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What’s Next for Online Healthcare in Africa?

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Luis Monzon
Luis Monzon
Journalist. Reach me at

When it comes to technology and digital life, the pandemic has been the ultimate accelerant of increased online behaviour. When our movements were physically restricted, we turned to our devices to find digital solutions that enable us to continue with our lives. People have excelled by working, attending school, and even socialising online; but the most notable sector has been the rise of the health tech industry.

Says Sheraan Amod, CEO and Co-Founder of RecoMed, one of the largest online healthcare marketplaces in South Africa, “Homebound consumers have adopted new digital platforms and become increasingly confident in embracing online technology.  As a collective, we’ve exercised with our virtual personal trainer, booked doctor’s appointments online and consulted with a variety of health practitioners, sometimes even over WhatsApp.  We’ve experienced the advantages of saving time and enjoying digital-driven convenience.”

Amod confirms that, despite pandemic restrictions being lifted worldwide, consumer behaviour will be changed forever and as a result of our increased digital experiences, there’s a new openness to how tech can help to improve life.

In South Africa, and Africa as a whole, there’s currently a strong emphasis on how digital innovations and tech enterprises, especially home-grown ones, can solve intractable socio-economic problems on the macro scale. Tech solutions have the unique capacity to bring products and services to Africans, bypassing the continent’s dire lack of physical infrastructure, which has previously hampered development.

When it comes to healthtech, these solutions have the promise of transforming lives for the better.

Amod points out that healthtech companies in Africa have received greater venture capital funding in the past 20 months than in the entire prior decade – and this is likely to gain momentum in the coming years.

“We’re seeing a range of innovations in areas such as medical practice management, patient healthcare records, telehealth and remote healthcare, as well as low cost but high functioning medical devices. The future looks incredibly bright for African healthtech innovation,” says Amod.   

RecoMed, which powers South Africa’s largest online healthcare booking platform, is experiencing ever-increasing levels of online healthcare bookings and telehealth consultations by consumers.

Lowering health costs for both patients and providers while simultaneously increasing mass access to quality healthcare is a huge challenge across Africa, but this opens exciting possibilities for healthtech solutions.  We are witnessing emerging innovations that include transactional ‘pay per use’ fee structures, and consumer health platforms that are subsidised by employers or the government.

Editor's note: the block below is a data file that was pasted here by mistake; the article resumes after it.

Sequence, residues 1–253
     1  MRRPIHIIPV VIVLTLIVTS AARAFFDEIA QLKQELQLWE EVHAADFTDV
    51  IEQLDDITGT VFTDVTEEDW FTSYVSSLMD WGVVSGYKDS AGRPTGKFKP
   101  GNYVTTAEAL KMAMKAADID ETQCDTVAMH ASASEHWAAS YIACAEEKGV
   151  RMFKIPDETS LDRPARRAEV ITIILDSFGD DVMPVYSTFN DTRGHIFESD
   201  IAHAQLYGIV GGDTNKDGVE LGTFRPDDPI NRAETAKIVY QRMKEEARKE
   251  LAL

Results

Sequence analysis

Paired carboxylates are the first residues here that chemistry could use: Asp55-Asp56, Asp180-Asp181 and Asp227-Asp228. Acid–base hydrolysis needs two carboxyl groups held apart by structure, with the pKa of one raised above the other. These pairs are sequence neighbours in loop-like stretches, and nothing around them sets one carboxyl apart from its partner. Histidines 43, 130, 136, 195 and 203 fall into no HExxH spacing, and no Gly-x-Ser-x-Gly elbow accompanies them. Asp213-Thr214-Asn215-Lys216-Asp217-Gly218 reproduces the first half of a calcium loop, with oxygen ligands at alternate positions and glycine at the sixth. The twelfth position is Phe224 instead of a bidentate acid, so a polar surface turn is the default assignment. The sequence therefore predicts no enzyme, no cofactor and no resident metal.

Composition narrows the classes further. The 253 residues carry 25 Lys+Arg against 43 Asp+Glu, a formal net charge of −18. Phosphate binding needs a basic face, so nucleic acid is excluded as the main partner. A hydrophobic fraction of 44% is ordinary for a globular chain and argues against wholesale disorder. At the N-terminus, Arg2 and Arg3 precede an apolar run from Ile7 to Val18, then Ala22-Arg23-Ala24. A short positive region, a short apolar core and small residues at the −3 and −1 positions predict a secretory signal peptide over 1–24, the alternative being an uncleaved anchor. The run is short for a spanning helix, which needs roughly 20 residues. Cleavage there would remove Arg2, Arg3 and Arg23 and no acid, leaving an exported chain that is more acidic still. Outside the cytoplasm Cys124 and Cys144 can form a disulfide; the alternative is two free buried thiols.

In many healthtech areas, South African innovation is on par with its global counterparts.  What is likely to intensify in the near future is a greater focus on platforms enabled by Artificial Intelligence (AI) and machine learning, as well as the implementation of digital healthcare information interchanges, where technology platforms are able to seamlessly share patient data across a single integrated platform, allowing patients to effectively access all of their own healthcare data at all times.

Increasing consumer adoption of healthtech solutions and expanding footprints

Healthtech innovators are experiencing wider penetration in the South African mass market.  RecoMed, for example, is currently expanding into Kenya and seeking to add integrated products and services to its platform in 2022.

These include enabling integrated online medical payments and launching an e-pharmacy for delivery of prescription medication to consumers across the country.

Amod says, “Kenya has a vibrant healthcare sector that in many ways mirrors parts of South Africa’s healthcare system, such as having highly developed, peri-urban, and rural elements. RecoMed’s experience in South Africa positions us well to take on the challenges of the Kenyan market, as we aim to make access to and delivery of healthcare easier for consumers.”

While the pandemic has accelerated consumer use of healthtech, building trust in the online environment remains a critical success factor and in itself drives innovation and added value services offered by healthtech platforms. 

What role should government play in the emerging healthtech ecosystem?

Africa’s growing, predominately youthful population needs access to high-quality medical care at affordable prices.  Across the continent, governments have historically struggled in their role as providers of primary, specialised and preventative healthcare, as well as public health initiatives. 

“Healthtech innovations are increasing opportunities to improve government healthcare services.  Governments should continue to encourage innovation in the healthcare sector and support new programmes that are able to scale care at lower costs to large, underserved population groups. Governments also have an important role in providing the regulatory frameworks that encourage this type of innovation and focus among healthcare stakeholders,” explains Amod.

“Given the sweeping demographic and income changes across the African continent, its increasingly impressive telecom and mobile data coverage, all coupled with the continent’s ability to leapfrog key technology developments, I am extremely bullish about the future of African healthtech innovation. We can expect to see many world-leading models of delivering quality healthcare at scale, at an affordable price, leap out of Africa,” he concludes.

Edited by Luis Monzon
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